“You are crying. Why?”


Ginny started and jerked up from her prone position in the leaves, her blood suddenly pounding in her ears.


“Who are you?” she asked.


“I am Firenze. And you are Miss Weasley, are you not?”


She considered lying. Considered running away. But he could out-run her, and those eyes… those eyes that bore right through her with their intensity… they would know if she lied.


“Yes… How do you know?” Her voice faltered. He was much larger than her. If he wanted, he could easily over-power her.


“On especially dark nights, when the stars are bright, your future is visible to those who can read them.”


“My future? Is everyone’s there?” Her curiosity calmed her, pushing away her fear.



“Only the paths of those who bear great responsibility are revealed. For it is they who will shape the world.”


“What do you mean? What great responsibility? What do I have to do?”


“In time, you will know.”


“I will know what? What’s going to happen to me? Am I in danger?”


“Those who run with The Boy Who Lived are always in danger. Soon it will be worse.”


“Will he be okay?” she asked, without thinking.


“Harry Potter will be instrumental to the fate of the world. He is the key.”


“And what am I?” Ginny asked softly.

Firenze looked at her for a long moment, his were eyes cold, calculating, and Ginny considered briefly how she must appear. A grubby, soggy child, with puffy eyes and a selfish misery. Just as her grief began to surface again, he spoke, very quietly.


“He is not ready for you.”


Ginny’s brow furrowed in confusion for only a second before her eyes flew wide open and her heart leapt into her throat. She tried to speak – to ask lamely, ‘Who’s not ready for me?’ even though she knew full well who it was, and nothing came out of her mouth but a pitiful garbled squeak. Firenze gave her a barely noticeable smile, and she bowed her head, hiding her blushing cheeks behind a curtain of hair.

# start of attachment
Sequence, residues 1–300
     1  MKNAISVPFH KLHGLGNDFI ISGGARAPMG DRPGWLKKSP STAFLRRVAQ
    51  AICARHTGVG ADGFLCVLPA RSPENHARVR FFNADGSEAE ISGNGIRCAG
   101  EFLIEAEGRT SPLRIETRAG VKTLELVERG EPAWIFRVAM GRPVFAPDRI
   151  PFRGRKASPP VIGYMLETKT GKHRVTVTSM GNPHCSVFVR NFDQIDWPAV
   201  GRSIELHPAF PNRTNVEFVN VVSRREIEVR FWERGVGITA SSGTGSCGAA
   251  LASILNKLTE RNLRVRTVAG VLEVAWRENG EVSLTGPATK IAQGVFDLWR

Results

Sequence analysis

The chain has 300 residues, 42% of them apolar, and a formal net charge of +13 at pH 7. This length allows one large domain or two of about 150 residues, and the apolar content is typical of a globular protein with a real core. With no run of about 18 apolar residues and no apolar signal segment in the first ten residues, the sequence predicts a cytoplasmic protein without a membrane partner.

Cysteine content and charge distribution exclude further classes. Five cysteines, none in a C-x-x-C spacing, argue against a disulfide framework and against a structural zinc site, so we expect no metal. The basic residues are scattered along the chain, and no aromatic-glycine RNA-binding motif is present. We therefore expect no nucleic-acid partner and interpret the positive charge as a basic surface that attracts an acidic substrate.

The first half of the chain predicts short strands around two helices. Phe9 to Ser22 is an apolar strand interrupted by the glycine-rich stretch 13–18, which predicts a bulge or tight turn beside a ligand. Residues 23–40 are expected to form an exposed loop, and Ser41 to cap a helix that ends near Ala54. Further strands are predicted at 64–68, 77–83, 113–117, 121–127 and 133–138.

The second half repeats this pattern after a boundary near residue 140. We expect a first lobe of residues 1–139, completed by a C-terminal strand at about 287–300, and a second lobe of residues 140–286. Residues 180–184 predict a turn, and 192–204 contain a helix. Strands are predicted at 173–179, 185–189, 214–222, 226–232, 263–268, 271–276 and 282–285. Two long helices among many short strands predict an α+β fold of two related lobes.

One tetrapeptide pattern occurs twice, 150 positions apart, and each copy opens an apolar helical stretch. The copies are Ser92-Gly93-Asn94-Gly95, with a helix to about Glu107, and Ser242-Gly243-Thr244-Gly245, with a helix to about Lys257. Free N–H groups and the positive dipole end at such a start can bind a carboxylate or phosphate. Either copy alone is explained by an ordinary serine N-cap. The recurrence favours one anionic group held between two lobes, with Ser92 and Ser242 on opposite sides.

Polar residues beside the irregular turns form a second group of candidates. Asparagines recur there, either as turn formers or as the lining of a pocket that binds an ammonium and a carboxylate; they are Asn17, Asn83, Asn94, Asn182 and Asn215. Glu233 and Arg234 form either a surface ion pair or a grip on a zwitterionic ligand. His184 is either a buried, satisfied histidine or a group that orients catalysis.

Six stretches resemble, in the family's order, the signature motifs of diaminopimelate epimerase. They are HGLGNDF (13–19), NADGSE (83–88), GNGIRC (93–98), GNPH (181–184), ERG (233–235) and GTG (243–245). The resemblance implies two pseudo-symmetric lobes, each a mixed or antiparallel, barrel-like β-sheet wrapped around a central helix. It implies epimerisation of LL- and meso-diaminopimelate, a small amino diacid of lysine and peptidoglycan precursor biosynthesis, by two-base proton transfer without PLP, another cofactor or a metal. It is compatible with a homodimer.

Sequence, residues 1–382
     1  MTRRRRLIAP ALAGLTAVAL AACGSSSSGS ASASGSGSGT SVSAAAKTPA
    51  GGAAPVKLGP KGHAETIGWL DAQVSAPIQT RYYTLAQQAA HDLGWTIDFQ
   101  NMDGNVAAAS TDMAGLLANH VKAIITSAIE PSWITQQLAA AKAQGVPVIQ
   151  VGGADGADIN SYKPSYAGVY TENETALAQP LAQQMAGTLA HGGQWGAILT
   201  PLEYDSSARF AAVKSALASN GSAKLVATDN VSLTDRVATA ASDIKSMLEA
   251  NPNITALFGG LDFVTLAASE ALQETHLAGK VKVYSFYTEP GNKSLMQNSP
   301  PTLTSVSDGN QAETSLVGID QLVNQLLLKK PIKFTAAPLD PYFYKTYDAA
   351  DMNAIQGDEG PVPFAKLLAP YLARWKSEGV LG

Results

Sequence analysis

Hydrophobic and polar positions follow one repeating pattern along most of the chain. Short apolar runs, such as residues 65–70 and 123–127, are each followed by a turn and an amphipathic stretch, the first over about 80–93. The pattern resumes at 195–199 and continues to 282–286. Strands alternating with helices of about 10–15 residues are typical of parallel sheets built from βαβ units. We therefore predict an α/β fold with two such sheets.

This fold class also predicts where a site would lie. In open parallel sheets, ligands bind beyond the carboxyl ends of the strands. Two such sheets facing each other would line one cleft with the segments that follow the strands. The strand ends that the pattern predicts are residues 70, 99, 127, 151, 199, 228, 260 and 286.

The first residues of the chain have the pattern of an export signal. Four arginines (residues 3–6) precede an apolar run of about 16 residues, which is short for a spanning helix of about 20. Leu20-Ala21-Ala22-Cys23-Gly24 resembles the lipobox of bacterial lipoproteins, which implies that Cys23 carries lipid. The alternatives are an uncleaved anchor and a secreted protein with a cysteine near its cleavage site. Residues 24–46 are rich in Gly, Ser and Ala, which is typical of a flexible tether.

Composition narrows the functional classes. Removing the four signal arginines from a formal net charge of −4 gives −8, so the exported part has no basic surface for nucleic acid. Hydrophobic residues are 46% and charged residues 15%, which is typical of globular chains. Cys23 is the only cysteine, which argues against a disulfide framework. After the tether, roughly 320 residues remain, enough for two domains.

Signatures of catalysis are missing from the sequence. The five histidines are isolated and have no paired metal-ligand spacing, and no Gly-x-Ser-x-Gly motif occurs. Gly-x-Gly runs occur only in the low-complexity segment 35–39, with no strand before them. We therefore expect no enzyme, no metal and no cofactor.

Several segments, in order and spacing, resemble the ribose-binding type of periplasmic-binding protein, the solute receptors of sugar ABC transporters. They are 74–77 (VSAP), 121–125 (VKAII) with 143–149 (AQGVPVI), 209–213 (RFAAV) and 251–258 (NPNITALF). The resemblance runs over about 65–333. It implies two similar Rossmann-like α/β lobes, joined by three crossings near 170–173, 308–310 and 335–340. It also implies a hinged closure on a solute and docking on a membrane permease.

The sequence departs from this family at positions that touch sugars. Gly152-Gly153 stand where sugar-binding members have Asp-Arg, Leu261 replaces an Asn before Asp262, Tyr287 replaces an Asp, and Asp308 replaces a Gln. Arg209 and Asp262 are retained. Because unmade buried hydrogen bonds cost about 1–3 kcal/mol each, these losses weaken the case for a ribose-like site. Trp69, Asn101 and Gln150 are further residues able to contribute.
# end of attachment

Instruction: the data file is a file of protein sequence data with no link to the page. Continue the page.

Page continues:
“Your time will come, but it is not now.”


“When will it be?” she dared to ask, “How long will I have to wait?” She lifted her head and caught his gaze. He looked softer somehow, sad.


“It does no good to linger. Only when you stop waiting, will the future come. You will know when it does.”


He flicked his tail and half-turned to leave. Ginny called out to him.


“But what should I do until then?”


“Anything you like. It will not matter in the end.” He said to her. And then he was gone, swallowed by the shadows, his hoof-beats fading swiftly in the distance.


Ginny sat silently, as if frozen; her surroundings slowly creeping back into her conscious mind. It was dark, darker than it had been before, and colder. She stood, brushing off the worst of the forest debris. Her body ached from the impact of her fall, magnified by the stiff cold, but the internal ache was duller than before. It would be hard not to wait for him, now that she knew. But it was a comfort to know that no matter what happened, no matter who Harry took to the ball, in the end, he would be hers. She would just have to find a way to distract herself until that time came. Lost in thought, she turned back toward the castle, stepping carefully over the branch she had tripped on earlier, and set off through the darkness.